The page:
From the brief:
Despite living in the countryside where open space is plentiful and there is often significant agricultural production, rural older adults have higher rates
of overweight/obesity, physical inactivity and food insecurity than older adults living in suburban areas. All three conditions are risk factors for heart disease, diabetes and repeated falls. This policy brief examines the health of rural elders and, by contrast, their urban counterparts, and finds that both groups are more likely to be unhealthy than suburban older adults. Yet rural elders, because of their geographical isolation and lack of proximity to health care providers, experience unique environmental and other risk factors that require context-specific solutions to these health issues. In both policies and programs that impact health, policymakers need to take into account the distinctive environmental and social context of older adults living in California’s countryside.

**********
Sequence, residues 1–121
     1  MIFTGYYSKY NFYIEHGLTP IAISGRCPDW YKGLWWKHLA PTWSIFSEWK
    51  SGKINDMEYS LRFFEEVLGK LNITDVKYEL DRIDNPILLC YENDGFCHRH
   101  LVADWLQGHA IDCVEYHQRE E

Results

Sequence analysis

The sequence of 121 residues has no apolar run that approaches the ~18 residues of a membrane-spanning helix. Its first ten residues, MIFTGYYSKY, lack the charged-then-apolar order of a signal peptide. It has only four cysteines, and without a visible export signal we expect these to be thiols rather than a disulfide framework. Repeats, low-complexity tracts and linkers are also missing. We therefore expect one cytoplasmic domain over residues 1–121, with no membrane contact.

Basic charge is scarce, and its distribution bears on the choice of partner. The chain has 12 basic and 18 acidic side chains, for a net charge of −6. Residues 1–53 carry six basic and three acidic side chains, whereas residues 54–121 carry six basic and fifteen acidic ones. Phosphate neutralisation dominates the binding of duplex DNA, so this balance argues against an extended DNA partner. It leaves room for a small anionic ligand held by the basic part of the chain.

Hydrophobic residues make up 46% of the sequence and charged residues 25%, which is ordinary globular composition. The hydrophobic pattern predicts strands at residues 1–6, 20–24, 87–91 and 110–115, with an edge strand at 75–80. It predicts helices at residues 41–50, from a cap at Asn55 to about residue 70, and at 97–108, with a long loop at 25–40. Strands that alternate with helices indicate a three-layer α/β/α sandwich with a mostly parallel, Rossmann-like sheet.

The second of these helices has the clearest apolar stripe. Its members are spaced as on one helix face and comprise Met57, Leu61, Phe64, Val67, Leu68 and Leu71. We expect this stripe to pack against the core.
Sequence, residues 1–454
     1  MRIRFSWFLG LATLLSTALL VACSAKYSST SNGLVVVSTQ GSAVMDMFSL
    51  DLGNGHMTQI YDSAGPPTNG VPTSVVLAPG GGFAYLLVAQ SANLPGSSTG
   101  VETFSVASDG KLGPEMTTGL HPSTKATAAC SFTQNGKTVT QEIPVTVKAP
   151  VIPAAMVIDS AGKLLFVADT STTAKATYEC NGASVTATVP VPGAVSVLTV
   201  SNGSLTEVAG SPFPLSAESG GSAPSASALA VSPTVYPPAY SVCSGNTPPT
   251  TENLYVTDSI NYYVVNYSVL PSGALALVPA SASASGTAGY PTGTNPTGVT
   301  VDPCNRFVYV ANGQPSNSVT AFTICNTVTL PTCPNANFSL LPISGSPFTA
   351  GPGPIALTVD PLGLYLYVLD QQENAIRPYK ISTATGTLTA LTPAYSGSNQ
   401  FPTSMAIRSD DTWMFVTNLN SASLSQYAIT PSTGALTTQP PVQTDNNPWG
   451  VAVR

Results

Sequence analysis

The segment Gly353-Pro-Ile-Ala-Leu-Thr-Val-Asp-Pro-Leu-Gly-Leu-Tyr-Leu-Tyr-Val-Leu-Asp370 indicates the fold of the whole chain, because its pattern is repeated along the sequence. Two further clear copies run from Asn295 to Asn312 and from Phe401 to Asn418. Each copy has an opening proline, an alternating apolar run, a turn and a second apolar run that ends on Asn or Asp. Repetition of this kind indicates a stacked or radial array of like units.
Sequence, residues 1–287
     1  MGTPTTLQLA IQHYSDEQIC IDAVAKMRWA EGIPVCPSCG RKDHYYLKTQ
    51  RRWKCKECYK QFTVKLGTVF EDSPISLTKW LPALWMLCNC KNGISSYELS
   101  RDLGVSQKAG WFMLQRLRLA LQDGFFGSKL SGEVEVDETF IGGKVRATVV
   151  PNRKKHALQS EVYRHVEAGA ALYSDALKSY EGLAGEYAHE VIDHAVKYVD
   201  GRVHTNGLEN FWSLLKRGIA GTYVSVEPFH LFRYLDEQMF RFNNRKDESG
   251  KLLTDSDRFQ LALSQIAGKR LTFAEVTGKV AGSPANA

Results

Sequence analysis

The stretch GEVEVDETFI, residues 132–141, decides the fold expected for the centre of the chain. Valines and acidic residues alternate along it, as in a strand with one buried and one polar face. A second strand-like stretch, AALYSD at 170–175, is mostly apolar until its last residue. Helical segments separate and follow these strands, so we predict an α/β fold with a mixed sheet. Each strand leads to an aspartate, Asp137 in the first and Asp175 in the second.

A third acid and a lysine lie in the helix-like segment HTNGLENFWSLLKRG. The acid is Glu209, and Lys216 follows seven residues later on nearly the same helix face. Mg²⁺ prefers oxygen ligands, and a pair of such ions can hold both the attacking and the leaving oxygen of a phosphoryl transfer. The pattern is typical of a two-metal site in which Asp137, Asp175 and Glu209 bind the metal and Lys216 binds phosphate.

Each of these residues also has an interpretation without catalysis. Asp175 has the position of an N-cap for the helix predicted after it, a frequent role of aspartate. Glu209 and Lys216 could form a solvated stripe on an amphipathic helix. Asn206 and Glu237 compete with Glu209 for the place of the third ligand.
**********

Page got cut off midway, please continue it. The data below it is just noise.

by Eva M. Durazo, Melissa R. Jones, Steven P. Wallace, Jessica Van Arsdale, May Aydin, Connie Stewart
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